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Nuclear doubts, once again

Nuclear doubts, once again
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First Published: Sun, Aug 30 2009. 09 07 PM IST
Updated: Sun, Aug 30 2009. 09 07 PM IST
Recent arguments among India’s nuclear scientists have injected life once again into a dormant dispute. K. Santhanam, a Defence Research and Development Organisation scientist who handled test site preparations at Pokhran for the nuclear tests in 1998, last week claimed that the thermonuclear device tested then had “fizzled”.
Scientists led by R. Chidambaram, the then chairman of the Atomic Energy Commission (AEC), had claimed that test yields were in line with the expected results. They had claimed that the thermonuclear device, which uses the principle of nuclear fusion and not fission, had yielded a 45 kilotonne (kt) yield. At that time, doubts about this claim had two sources. One, no country until then had miniaturized a thermonuclear weapon to a yield as low as that. A thermonuclear weapon yield less than 100kt was then, as now, sure to raise eyebrows. Second, the analysis of seismic measurements carried out by non-Indian experts put the yield in the 15-20kt range. As in any scientific endeavour, there are bound to be disputes and arguments on an experimental test. But the crucial difference in this case is that it was an experiment to put the country’s nuclear deterrent capability on a sound footing. That is a domain in which no doubts can be brooked, come what may.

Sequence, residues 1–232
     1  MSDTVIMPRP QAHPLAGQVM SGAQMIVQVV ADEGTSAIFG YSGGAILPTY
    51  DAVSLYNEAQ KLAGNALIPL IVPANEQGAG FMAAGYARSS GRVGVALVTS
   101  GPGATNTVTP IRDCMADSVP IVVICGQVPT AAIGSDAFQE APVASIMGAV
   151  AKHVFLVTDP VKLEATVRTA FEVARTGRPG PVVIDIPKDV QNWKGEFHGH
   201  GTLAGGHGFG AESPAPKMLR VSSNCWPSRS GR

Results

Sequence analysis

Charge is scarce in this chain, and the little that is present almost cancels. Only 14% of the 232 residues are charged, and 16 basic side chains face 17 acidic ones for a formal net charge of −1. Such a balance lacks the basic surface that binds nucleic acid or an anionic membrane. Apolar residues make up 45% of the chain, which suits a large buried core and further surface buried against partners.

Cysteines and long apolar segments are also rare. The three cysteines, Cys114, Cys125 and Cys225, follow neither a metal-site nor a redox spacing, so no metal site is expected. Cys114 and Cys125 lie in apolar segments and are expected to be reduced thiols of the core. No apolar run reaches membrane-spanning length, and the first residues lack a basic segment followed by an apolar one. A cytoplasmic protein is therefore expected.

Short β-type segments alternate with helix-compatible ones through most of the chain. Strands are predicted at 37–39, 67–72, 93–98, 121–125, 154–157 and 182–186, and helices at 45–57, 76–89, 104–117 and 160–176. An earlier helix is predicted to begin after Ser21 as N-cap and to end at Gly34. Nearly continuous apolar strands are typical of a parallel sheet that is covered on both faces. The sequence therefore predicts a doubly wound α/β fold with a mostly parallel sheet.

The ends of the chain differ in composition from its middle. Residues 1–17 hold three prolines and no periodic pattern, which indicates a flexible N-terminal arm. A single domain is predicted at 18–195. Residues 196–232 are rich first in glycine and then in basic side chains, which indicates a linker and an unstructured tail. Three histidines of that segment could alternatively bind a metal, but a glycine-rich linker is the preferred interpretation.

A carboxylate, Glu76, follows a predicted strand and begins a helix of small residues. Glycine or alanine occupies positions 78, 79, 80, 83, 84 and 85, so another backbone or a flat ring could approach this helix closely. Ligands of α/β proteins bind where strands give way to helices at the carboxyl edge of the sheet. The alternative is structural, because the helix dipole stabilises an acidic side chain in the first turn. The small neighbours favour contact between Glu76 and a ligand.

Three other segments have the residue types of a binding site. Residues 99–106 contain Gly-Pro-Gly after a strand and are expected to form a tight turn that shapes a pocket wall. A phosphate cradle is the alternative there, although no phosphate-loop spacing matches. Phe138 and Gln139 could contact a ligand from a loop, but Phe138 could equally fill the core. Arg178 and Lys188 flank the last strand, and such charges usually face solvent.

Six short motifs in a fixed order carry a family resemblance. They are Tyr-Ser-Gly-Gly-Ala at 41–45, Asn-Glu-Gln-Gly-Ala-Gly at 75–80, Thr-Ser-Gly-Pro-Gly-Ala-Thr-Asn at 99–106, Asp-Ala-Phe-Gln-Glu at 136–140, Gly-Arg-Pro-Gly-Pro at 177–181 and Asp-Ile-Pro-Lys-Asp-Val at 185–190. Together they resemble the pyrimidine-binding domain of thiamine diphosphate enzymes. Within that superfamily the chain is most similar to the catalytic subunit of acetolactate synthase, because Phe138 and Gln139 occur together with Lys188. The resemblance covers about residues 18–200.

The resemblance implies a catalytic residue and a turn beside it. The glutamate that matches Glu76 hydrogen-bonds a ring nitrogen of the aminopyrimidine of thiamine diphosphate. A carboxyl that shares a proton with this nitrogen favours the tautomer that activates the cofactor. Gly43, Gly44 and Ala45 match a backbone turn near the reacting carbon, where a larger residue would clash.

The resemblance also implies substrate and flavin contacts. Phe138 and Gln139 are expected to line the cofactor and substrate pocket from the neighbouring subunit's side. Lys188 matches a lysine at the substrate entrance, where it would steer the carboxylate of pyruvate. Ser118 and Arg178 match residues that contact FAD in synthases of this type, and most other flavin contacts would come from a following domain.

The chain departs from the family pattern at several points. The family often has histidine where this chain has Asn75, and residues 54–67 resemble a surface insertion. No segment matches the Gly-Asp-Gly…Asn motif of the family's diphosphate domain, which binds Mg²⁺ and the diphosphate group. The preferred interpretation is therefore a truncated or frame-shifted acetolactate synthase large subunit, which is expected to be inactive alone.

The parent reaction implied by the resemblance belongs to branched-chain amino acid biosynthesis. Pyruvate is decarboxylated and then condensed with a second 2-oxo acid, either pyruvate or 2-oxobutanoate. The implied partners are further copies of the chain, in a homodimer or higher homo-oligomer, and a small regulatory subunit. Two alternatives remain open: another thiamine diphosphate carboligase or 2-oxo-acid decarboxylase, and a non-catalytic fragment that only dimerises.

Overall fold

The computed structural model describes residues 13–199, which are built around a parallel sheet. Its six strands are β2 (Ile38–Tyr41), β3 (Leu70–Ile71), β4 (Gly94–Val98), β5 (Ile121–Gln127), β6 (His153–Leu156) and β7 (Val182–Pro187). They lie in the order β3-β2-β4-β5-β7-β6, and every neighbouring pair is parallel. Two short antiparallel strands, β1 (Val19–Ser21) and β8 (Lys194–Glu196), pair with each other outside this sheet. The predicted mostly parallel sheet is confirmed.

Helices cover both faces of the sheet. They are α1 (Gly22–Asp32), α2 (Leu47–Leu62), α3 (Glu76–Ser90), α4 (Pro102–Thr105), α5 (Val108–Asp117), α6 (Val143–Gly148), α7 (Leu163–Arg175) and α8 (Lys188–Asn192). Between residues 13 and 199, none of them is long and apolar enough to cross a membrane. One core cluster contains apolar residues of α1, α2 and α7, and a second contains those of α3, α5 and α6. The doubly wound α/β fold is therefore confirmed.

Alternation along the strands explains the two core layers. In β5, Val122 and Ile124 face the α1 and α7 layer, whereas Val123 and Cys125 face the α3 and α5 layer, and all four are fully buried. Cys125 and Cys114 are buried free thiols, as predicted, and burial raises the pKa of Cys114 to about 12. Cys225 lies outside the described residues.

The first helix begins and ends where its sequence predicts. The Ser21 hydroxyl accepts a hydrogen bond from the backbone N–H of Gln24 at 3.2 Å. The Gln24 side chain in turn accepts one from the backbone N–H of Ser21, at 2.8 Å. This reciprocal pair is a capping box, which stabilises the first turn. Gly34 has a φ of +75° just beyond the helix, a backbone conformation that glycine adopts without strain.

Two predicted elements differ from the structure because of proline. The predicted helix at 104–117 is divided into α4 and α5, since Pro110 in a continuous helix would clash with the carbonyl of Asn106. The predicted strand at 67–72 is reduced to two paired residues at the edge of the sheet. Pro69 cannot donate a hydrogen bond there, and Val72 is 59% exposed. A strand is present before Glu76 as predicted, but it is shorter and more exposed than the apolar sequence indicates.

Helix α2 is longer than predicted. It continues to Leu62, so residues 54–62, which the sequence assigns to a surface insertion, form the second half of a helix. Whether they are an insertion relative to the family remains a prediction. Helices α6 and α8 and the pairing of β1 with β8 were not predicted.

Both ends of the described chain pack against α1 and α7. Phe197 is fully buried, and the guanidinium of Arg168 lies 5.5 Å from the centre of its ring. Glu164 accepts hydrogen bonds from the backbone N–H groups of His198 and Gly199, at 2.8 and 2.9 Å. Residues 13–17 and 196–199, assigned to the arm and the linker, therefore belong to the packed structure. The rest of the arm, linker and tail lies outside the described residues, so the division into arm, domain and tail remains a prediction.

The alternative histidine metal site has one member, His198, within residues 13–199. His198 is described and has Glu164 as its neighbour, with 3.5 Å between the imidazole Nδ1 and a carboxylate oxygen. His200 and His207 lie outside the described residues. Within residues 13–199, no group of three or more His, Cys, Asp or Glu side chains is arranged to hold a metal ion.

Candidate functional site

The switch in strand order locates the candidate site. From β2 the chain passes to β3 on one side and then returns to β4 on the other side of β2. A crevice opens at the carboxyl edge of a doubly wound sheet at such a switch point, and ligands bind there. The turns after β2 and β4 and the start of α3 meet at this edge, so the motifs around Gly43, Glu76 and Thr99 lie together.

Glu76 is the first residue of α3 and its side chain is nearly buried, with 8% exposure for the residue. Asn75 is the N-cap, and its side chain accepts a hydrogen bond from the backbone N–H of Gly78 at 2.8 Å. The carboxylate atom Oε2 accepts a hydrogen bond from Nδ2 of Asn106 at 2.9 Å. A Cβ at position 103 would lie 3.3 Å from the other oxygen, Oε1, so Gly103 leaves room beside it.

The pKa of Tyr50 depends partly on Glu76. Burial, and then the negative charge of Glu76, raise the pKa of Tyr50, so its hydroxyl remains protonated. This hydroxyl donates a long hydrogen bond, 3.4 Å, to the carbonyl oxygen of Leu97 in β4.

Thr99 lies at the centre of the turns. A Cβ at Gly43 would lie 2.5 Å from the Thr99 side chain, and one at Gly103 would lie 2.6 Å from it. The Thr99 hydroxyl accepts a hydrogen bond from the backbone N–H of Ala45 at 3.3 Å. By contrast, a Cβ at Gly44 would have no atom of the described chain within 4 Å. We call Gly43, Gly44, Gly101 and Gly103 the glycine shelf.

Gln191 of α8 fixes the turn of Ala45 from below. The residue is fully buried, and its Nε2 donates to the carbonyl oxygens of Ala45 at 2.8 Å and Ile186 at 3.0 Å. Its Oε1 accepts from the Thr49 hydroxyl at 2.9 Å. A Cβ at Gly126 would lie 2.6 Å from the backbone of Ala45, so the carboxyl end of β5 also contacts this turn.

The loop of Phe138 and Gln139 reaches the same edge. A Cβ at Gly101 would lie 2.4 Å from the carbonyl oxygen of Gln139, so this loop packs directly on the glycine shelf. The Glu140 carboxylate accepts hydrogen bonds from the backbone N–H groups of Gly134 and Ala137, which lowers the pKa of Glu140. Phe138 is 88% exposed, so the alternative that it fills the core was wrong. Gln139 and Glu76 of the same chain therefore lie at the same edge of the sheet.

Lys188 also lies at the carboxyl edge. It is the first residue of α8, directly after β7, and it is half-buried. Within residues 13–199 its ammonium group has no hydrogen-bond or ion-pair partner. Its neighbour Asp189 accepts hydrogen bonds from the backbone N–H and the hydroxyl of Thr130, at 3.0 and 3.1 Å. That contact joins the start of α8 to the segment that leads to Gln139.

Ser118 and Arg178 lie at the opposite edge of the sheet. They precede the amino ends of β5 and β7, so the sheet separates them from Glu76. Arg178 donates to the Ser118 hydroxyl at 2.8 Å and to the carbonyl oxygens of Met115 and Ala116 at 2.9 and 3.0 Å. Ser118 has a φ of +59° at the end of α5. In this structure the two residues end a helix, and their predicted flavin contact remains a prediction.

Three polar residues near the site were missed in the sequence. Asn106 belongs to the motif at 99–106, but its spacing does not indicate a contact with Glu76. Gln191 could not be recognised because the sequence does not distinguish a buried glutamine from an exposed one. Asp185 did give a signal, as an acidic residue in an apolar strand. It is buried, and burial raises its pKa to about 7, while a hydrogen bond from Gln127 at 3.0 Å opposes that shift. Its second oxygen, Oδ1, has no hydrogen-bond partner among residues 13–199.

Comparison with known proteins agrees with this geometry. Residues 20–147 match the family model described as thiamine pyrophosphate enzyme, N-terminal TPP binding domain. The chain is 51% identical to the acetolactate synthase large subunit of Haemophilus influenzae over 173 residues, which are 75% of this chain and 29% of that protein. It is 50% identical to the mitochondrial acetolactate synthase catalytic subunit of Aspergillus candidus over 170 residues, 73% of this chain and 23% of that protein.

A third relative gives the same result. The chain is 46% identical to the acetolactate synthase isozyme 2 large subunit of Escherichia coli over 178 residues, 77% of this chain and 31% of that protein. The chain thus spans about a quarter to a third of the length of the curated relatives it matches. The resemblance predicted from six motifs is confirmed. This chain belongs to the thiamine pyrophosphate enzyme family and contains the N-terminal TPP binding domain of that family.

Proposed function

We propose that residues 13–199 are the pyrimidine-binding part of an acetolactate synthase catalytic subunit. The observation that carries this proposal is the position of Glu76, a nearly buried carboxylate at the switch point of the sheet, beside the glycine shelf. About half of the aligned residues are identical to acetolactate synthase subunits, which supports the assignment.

The fact is the arguments come at a wrong time for India. On the one hand, there is renewed pressure on India to sign the Comprehensive Test Ban Treaty (CTBT). On the other hand, the country has barely managed to secure civilian nuclear cooperation from the international community. Renewed nuclear testing to put the deterrent on a firm footing will blow that cooperation to dust, and with that any chance that India will be able to gain energy security in the near future. The absence of a sound deterrent will put India in jeopardy. It is a cruel choice for any government to make.
What can be said is this: Any trade-off on this count must be evaluated carefully. But one thing is for sure: India must not sign CTBT until its nuclear deterrent ability is beyond any doubt. That may call for renewed testing at some point in the future. That must not be signed away.
Should India go for another round of N-weapon testing? Tell us at views@livemint.com
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First Published: Sun, Aug 30 2009. 09 07 PM IST